Driving past Khairul Manzil

Being on the busy Mathura Road has its advantages but it has also meant fewer visitors for this mosque and madrasa complex

Being on Mathura Road opposite the Purana Quila has been both an advantage and a disadvantage for Khairul Manzil. The prime location has ensured that the 16th century monument gets a touch of conservation periodically and with beat constables often sitting in the shaded courtyard outside the main gate, it has been able to keep vandals at bay—so no Kittu loves Kitty on its walls. But traffic intersection on one side of the monument and heavy traffic on the road in front has also meant that many tourists skip this mosque and madrasa complex that stands next to the ruins of Lal Darwaza. There aren't many who come here for Friday prayers either. But driving past the road or while waiting at the traffic signal in the evening, one can't miss the sight of hundreds of pigeons flying down to rest on the dome of the monument.

A doorway with recessed main arch, half dome, corbelled beams, small windows above the entrance, all look typically Mughal. But inside, the mosque follows the Delhi Sultanate pattern. The courtyard and its large central pool are under repair. With the administration gearing up to welcome tourists for the Commonwealth Games, the Archaeological Survey of India is repairing portions of the structure.

The madrasa, with its two levels, is on both sides of the mosque. The larger rooms are on the ground floor and a narrow open passage leads to the smaller rooms on the first floor. The enamelled glazed tiles on the exterior and interior of the mosque are similar to those at Agra's Chini ka rouza. No two tiles are similar, though there are very few that have survived the onslaughts of time and marauders.

Standing on the courtyard and watching a group of people work almost unmindful of the heat, one can only imagine what it must have been like when the mosque was being built and then thrown open to the public for the first time. The Lal Darwaza next-door, built in quartzite and red stone, must have been an imposing structure then. The shops, now in ruin, lined on both its sides, must have once bustled with activity. The ruined houses behind the Lal Darwaza were once homes of prosperous families who may have sent their wards to this madrasa.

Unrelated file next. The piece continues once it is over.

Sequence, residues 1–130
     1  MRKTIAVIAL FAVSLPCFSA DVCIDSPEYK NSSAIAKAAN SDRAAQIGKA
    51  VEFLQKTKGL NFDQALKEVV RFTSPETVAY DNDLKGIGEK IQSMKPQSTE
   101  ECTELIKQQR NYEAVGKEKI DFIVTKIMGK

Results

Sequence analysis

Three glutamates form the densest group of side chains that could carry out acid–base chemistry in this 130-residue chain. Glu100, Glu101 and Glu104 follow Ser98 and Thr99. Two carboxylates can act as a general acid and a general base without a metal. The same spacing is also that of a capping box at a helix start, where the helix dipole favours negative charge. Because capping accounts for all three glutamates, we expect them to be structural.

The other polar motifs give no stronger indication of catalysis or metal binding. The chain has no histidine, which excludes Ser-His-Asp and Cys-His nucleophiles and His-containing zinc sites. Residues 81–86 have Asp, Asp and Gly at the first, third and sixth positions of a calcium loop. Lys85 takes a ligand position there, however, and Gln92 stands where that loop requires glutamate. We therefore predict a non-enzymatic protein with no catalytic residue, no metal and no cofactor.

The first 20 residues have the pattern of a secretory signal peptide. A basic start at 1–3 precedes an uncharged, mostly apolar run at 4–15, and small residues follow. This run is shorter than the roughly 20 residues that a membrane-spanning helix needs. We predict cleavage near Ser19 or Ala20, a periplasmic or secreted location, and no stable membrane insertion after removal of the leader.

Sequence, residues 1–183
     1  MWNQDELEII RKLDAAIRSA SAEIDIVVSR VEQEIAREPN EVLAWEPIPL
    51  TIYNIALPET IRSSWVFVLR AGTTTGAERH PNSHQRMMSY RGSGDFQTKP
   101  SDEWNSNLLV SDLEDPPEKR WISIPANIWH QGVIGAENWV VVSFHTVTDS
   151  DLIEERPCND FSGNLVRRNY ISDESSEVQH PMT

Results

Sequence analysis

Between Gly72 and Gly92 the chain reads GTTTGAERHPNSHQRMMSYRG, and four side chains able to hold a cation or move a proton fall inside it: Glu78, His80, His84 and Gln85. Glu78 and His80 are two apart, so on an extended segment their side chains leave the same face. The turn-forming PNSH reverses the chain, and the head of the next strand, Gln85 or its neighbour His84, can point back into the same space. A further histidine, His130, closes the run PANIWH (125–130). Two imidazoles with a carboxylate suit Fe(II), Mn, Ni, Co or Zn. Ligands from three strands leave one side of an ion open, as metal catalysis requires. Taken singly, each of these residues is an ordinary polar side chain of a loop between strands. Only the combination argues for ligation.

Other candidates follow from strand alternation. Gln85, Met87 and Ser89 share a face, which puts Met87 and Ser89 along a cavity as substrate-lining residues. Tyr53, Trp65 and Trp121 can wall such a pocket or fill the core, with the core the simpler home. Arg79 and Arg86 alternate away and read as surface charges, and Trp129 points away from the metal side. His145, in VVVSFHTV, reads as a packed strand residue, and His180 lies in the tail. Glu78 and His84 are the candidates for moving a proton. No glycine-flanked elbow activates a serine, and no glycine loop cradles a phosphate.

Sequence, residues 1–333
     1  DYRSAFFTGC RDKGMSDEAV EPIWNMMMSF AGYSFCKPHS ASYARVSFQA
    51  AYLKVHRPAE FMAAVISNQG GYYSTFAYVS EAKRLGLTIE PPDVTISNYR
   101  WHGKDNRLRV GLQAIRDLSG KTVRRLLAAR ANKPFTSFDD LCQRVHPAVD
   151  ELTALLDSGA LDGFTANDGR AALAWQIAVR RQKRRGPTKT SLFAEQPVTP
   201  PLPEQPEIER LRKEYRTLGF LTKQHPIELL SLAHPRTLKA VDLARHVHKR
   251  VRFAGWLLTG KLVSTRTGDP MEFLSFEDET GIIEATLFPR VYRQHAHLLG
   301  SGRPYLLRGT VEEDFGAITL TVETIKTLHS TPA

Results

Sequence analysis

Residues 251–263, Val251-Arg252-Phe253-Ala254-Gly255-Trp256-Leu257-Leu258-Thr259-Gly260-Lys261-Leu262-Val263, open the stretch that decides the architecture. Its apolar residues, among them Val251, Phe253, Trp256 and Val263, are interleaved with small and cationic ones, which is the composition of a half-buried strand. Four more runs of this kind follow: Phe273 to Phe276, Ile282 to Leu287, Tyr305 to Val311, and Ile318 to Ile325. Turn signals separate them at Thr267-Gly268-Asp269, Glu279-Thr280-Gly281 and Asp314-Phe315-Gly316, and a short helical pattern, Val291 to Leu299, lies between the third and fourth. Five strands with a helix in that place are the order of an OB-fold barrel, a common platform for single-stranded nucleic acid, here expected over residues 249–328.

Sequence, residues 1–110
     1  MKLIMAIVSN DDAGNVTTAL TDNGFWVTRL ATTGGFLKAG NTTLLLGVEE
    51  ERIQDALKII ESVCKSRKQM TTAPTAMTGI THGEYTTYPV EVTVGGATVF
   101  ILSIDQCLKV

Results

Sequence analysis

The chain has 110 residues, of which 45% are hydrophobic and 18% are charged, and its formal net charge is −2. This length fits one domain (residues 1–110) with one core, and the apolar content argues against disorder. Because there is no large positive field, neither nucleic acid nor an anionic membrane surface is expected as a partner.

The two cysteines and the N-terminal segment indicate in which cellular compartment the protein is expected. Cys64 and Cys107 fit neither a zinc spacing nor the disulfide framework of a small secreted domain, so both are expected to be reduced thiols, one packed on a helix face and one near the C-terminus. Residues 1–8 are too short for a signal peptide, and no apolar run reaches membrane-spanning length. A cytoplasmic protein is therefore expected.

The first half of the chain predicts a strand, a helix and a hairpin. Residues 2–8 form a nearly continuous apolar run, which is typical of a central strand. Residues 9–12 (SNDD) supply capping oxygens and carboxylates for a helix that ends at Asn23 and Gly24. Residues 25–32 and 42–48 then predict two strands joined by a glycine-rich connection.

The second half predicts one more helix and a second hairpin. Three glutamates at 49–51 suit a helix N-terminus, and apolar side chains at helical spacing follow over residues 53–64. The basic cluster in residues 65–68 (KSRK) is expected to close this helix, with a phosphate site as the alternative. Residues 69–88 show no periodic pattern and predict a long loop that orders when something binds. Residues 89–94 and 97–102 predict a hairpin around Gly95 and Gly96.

The mosque's name literally means an 'auspicious building'. Built in 1561 by Maham Anga, this was perhaps the first Mughal mosque in Delhi. Maham Anga, the wet nurse of a young Akbar, was no ordinary woman. Ambitious and assertive, she was the virtual ruler for a brief period. Did she visit the mosque every day?

A flight of pigeons interrupts my thoughts. As I look up, a gentle voice advises me not to look at the sun, and instead, stand in the shade, and if I wish, sprinkle water from the well inside the complex. The man turns out to be a trader who had given up his shop at the posh Greater Kailash-I market to take up the faqiri of this mosque. So, shop-owner Ali Sher Khan has now become Ali baba.

He stays here till sunset when the monument is closed. He then leaves for his home in east Delhi and returns at sunrise the next day.

Ali baba talks about djinns and angels who motivated him to become a faqir. "The djinns stay here, they talk to me regularly," he says, insisting that the mosque dates back to the pre-Akbar era. But what about the inscription here, I ask. "That's Akbar of the Tughlaq dynasty, a nephew of Muhammad-bin Tughlaq. Besides, look at the architecture, it doesn't look Mughal," he says.

But according to the ASI, this mosque was built during Akbar's reign, and the doorway is clearly Mughal as are the glazed tiles, I insist. He smiles, indicating that he doesn't want to get into an argument. After all, it's time for prayer. "Prayer is the only way to achieve peace," he says, as I walk back towards the gate.

The sun is about to set and the pigeons are returning to the mosque's dome for the night. They are the only ones allowed inside after sunset, except, of course, the djinns.

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